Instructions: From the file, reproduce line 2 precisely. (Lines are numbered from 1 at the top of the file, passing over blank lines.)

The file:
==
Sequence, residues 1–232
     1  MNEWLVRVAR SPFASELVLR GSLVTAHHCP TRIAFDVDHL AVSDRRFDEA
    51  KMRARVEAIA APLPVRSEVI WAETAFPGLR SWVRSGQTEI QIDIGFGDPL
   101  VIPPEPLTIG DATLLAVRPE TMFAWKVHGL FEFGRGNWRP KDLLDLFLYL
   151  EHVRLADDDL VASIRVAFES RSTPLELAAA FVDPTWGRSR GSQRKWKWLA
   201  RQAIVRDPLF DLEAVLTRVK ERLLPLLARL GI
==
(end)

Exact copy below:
     1  MNEWLVRVAR SPFASELVLR GSLVTAHHCP TRIAFDVDHL AVSDRRFDEA